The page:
The Writers' Loop

For Readers and Writers

An Interview with Publishing Expert, Jan Kardys, Part One

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Jan Kardys

Jan Kardys

By SUSANNE MARIE POULETTE

Peggy and I recently had the opportunity to meet with Jan Kardys, president of Black Hawk Literary Agency in Redding, Connecticut,  representing “a broad spectrum of authors and illustrators, with a focus on new nonfiction and fiction.”  She is founder and chairman of the Unicorn Writers’ Conference, committed to educating and encouraging writers by providing connections with other writers, authors, editors, and literary agents; and by offering workshops, panel discussions, and opportunities for one-to-one manuscript review sessions with agents and editors.  Jan and her business partner, Jeanne Rogers, recently established Unicorn for Writers LLC, also in Redding, offering a menu of forty expert publishing services for writers in various areas of manuscript evaluation and editing, publishing consultation and recommendations, social media and marketing,  as well as cover design and illustrations.

We settled down for lunch and a lively, informative interview in the distinctively New England town of Bethel, bConnecticut.   Jan started our conversation by displaying several of her current clients’ galley proofs (preliminary versions of publications) and her recent publication, You Wrote a Book, Now What?  Jan exuded so much enthusiasm in discussing her career, her teaching, and her work with clients and writers, that she hardly touched her meal.

Jan Kardys has thirty years of diversified publishing experience at several major publishing corporations, and although we provide a link to her complete resume below, we asked Jan to highlight in her own words, how she started on this professional path:

I’ve been in publishing forever, and I worked for ten major publishers. Harcourt, Brace, Jovanovich was my first publisher.  I started out in editorial, learned copy editing and proofreading, and took editorial classes at NYU. Later there was an opening to work for an art director and a production director.  So I took a break from editing to learn this, because production is a key component for every single book. I worked for an incredible art director, and learned a great deal about art: how you choose an artist and how you negotiate with an artist, for illustrations, specifications.  I learned about production runs and paper, and even though I didn’t want to stay in either of those two fields, it was invaluable, and helped me in many other areas of publishing.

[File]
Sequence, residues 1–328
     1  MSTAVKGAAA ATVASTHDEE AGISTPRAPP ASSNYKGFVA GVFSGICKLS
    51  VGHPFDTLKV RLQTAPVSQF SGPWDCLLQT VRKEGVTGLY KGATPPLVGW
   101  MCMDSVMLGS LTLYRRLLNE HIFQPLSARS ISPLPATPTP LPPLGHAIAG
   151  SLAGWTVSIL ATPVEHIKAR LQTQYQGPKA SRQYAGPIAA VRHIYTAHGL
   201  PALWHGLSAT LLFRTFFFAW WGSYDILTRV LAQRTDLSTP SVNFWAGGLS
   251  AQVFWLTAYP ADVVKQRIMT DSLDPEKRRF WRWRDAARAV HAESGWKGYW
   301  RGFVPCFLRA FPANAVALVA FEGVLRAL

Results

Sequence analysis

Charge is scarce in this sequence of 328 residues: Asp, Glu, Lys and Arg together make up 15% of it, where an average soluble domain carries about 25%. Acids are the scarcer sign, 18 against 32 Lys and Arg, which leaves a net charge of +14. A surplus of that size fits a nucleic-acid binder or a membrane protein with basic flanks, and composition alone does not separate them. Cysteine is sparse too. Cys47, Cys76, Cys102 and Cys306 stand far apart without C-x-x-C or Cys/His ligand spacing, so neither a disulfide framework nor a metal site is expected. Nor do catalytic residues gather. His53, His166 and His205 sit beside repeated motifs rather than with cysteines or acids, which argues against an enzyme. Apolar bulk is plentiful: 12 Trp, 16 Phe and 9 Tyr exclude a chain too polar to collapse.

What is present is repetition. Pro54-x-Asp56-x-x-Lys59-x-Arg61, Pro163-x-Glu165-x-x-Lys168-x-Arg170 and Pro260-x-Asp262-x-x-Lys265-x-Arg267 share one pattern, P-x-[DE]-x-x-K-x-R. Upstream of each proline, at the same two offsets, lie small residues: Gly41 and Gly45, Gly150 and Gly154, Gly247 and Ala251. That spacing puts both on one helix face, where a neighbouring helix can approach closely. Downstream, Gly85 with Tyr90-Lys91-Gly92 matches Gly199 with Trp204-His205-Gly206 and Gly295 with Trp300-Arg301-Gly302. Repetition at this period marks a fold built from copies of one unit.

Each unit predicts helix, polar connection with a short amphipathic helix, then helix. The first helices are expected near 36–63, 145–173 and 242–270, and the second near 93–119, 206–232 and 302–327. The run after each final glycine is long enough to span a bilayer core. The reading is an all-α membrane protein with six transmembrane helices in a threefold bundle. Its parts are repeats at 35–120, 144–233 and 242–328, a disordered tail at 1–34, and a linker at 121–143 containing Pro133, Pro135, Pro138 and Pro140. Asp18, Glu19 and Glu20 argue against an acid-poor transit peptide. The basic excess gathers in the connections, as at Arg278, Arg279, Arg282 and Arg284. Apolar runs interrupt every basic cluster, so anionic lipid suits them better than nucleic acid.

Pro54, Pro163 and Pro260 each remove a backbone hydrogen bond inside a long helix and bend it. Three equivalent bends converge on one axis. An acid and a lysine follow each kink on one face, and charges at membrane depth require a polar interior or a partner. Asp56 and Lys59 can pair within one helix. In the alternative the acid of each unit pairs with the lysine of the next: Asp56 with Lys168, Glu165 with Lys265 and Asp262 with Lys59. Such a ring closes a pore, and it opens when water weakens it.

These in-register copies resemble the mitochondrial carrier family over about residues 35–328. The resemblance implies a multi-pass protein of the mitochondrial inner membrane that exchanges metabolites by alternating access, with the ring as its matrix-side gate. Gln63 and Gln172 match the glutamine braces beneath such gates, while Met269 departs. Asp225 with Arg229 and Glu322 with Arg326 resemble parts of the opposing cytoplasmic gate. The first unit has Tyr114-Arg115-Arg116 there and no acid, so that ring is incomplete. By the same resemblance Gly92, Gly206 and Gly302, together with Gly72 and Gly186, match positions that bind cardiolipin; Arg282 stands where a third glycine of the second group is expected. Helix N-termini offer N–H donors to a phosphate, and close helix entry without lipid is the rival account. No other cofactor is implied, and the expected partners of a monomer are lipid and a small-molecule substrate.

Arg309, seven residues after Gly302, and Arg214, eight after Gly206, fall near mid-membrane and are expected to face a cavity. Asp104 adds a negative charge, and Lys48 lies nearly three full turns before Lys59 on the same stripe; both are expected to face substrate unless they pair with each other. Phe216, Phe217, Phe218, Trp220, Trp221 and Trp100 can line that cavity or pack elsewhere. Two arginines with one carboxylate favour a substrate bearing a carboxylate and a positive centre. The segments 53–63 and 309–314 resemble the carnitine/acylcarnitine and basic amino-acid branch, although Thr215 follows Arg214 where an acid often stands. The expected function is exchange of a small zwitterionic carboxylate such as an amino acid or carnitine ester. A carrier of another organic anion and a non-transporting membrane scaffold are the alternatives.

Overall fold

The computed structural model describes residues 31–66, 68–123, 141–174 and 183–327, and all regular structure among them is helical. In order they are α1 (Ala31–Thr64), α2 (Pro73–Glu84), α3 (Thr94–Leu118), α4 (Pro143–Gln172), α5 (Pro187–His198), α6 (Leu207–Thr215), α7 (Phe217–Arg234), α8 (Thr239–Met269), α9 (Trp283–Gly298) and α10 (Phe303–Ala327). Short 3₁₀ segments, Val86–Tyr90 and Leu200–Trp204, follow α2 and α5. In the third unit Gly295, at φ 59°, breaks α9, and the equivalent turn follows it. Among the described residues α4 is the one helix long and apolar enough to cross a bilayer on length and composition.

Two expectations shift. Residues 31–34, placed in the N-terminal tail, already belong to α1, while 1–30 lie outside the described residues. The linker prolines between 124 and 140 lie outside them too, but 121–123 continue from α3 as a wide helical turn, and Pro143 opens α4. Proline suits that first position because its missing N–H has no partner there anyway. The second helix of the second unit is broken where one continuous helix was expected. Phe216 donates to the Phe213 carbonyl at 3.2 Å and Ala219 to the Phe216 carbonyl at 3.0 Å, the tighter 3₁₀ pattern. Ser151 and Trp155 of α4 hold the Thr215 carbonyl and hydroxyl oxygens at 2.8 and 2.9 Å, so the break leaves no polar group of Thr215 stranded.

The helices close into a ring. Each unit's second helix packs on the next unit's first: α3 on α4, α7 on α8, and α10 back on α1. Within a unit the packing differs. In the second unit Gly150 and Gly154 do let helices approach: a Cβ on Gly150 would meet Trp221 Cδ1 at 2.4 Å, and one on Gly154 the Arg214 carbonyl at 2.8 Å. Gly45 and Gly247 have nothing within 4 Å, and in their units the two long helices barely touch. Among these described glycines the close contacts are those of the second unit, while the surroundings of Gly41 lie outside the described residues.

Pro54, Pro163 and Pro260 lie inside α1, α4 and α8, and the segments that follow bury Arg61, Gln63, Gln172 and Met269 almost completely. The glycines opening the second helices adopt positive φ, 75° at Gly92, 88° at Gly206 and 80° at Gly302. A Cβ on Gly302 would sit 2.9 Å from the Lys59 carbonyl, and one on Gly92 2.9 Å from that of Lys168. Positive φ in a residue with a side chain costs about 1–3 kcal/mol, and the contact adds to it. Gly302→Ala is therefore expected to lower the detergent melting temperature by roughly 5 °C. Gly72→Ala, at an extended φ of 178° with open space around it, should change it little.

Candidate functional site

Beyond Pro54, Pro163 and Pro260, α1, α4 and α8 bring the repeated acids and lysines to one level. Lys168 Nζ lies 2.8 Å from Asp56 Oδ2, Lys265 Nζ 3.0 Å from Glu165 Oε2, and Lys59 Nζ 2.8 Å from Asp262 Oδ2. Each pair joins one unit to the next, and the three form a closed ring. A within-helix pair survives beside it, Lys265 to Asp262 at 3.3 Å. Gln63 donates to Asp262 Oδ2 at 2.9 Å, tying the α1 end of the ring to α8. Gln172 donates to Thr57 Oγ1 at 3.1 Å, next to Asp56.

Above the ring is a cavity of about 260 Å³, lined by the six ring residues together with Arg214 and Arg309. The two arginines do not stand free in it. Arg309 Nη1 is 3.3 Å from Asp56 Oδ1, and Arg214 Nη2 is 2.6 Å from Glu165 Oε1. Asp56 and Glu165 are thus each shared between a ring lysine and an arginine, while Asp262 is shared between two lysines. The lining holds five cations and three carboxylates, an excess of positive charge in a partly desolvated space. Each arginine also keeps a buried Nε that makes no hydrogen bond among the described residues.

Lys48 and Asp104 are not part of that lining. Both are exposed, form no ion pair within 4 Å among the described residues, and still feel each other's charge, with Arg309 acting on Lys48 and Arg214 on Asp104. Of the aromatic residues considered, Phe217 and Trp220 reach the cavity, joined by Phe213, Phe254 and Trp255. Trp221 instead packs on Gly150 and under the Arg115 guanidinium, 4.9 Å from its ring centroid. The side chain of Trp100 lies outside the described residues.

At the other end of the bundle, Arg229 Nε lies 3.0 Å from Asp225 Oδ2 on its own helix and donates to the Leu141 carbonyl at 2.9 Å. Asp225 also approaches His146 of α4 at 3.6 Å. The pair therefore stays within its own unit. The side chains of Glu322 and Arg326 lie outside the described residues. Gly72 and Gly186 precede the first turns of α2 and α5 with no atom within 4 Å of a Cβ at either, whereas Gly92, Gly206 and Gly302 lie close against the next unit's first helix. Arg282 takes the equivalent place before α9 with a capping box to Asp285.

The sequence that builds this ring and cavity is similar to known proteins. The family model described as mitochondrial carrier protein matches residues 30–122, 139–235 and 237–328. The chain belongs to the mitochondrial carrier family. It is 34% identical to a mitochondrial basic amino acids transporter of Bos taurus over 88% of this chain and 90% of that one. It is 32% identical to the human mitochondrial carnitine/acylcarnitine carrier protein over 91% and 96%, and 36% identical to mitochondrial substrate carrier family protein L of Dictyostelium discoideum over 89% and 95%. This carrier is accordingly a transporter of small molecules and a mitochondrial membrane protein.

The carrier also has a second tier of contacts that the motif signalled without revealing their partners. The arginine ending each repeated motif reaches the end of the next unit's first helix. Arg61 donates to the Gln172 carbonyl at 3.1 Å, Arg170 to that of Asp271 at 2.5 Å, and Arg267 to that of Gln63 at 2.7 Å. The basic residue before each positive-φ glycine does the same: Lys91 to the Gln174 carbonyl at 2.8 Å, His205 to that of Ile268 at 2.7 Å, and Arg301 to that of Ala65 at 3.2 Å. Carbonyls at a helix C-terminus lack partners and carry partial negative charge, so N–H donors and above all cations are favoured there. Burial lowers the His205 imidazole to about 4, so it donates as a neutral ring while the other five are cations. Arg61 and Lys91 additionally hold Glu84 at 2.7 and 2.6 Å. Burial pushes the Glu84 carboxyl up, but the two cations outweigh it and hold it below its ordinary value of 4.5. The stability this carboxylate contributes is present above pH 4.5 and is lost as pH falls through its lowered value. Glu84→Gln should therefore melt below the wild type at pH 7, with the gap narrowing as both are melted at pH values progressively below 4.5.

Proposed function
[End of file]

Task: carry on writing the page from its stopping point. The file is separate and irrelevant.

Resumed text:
When Harcourt, Brace, Jovanovich moved to Florida, I took a job at Lippincott working for a subsidiary rights director.  I did permissions, foreign rights, book clubs, ISBNs, catalog identification and publication, and all sorts of work for subsidiary rights. Lippincott merged with Crowell, and another merge was being planned with Harper and Row. So while taking a class at NYU from the St. Martin’s Press’ subsidiary rights director…I learned that they were looking for someone to do foreign rights.  I brought my resume to the next class, got an interview, and I was hired. ….I also worked at Scholastic Inc., twice, three years in obtaining permissions, granting permissions, and doing some rights Then I went to Doubleday, where I switched from subsidiary rights into contracts. 

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Doubleday was taken over by Bertelsmann, so I went to Macmillan’s contracts department. It was a great experience.  I stayed there for 10 years and I would’ve stayed for the rest of my life, but once again, (she chuckled) every publisher that I’d been with had this happen… Macmillan was taken over by Simon and Schuster.  I was promoted and did School/College contracts for a year.  Then there was an opening at Warner Books, and I became a director of contracts there.  Again, there was a merger.  Warner Books and Little Brown dissolved into Time Warner Trade Publishing, and so I was there for four years.